The first month of the year has come to a close, but not without giving Singapore some of its most bizarre weather phenomena in years.
Let’s take a quick look back at what happened:
8 Jan – Flash Floods
It all started on 8 Jan, when a continued onset of continual torrential downpours resulted in flash floods at nine different locations islandwide.
News reports of countless vehicle breakdowns and public transport disruptions islandwide proliferated, and was no doubt a period of huge inconvenience for many of us.
8-16 Jan – Continued heavy rains, record low temperatures
Singapore had its longest cold spell in recorded history this year. Cold temperatures lasted for over a week, where temperatures dropped to as low as 21.9 degrees C on 11 Jan.
24, 30 Jan – Flash Floods, again
After a week or so of ‘normal’ Singapore weather, aka. damn hot and humid weather with occasional rain, flash floods hit Singapore again on 24 Jan, and 30 Jan.
It wasn’t on the same scale as the initial onset on 8 Jan, but it was enough to cause severe disruptions to public transport, and trees falling on cars.
30 Jan – Hail
30 Jan was an exceptional day even in a month of extreme weather conditions.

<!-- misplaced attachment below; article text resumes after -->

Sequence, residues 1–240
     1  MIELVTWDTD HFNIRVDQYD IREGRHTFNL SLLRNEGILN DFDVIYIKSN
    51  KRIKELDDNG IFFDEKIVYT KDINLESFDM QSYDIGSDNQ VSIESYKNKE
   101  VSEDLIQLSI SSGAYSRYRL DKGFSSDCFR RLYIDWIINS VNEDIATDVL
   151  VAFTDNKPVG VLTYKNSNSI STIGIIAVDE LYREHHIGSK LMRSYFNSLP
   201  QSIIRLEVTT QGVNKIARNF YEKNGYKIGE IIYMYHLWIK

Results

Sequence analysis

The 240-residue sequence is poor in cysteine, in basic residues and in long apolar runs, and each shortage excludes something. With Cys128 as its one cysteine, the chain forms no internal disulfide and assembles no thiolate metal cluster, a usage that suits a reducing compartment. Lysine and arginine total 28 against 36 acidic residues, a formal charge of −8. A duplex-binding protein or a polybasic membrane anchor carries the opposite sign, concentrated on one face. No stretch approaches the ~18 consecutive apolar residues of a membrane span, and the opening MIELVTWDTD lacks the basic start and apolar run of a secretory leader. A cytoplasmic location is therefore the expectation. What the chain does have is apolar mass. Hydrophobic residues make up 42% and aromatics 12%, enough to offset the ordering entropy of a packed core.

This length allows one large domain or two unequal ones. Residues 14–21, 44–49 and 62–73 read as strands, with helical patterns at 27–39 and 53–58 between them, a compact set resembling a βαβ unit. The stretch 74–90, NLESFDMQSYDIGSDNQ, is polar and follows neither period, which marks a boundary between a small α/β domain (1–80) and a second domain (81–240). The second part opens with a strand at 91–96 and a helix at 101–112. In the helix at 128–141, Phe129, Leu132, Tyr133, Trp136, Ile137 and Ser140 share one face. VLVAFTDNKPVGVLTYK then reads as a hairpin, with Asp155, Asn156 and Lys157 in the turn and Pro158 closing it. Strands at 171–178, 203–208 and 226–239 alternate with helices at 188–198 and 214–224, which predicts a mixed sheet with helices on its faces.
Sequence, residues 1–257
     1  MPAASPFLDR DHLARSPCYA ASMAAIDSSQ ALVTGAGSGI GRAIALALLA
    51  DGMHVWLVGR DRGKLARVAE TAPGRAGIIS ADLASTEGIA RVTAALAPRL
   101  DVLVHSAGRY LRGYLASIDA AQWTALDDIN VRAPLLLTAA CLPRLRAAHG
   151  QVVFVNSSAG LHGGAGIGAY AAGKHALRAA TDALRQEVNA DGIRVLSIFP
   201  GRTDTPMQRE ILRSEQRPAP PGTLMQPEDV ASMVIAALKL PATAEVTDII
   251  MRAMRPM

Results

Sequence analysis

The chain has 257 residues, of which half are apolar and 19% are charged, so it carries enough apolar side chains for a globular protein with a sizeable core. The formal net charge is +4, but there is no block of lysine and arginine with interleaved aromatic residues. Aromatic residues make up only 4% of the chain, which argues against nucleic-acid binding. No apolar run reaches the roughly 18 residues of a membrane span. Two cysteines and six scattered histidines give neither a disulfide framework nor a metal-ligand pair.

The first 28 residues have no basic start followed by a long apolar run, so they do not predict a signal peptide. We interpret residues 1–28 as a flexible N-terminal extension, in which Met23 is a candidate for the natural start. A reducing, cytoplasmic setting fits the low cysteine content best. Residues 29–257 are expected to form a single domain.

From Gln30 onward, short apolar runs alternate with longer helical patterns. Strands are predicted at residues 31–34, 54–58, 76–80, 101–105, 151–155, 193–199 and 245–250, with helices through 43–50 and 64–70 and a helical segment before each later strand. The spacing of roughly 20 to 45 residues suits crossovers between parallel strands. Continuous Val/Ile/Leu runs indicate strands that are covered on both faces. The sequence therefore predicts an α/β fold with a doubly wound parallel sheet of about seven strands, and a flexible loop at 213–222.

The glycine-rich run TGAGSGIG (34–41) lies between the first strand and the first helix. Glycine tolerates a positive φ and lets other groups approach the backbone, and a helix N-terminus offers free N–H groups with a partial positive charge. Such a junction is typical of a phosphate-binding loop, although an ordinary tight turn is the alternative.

Apart from flash floods at Yishun and Seletar, parts of Singapore also experienced hail.
The last time this occurred in Singapore was 25 June 2013 – over four years ago.
31 Jan – Crazy Strong Winds
Almost as if nature were making a mockery of Singapore’s typical ‘not-so-happening’ weather, this happened just one day after the hail.
Eastern Singapore was struck with exceptionally strong winds, which caused things like this to happen in East Coast Park.
The flying boats in the video are over 35kg each.
It’s somewhat crazy that a perfect storm of incredibly uncommon weather phenomena could occur together all in the space of one month.
31 Jan – Super Blue Blood Moon
Especially, when that month ends with a celestial phenomena last seen 152 years ago.
Singaporeans were treated to a celestial spectacle on the last day of January.
The Super Blue Blood Moon, a lunar trifecta of a blue moon, a supermoon and a lunar eclipse, took place simultaneously for the first time since 1866.
Singaporeans might have been able witness the event if they looked up at the sky from an unclouded area.
That about sums up Singapore’s bizarre weather in January.
Our weather for the rest of the year is likely to be a lot more normal, now that the Northeast Monsoon has passed us.
Well, at least, hopefully.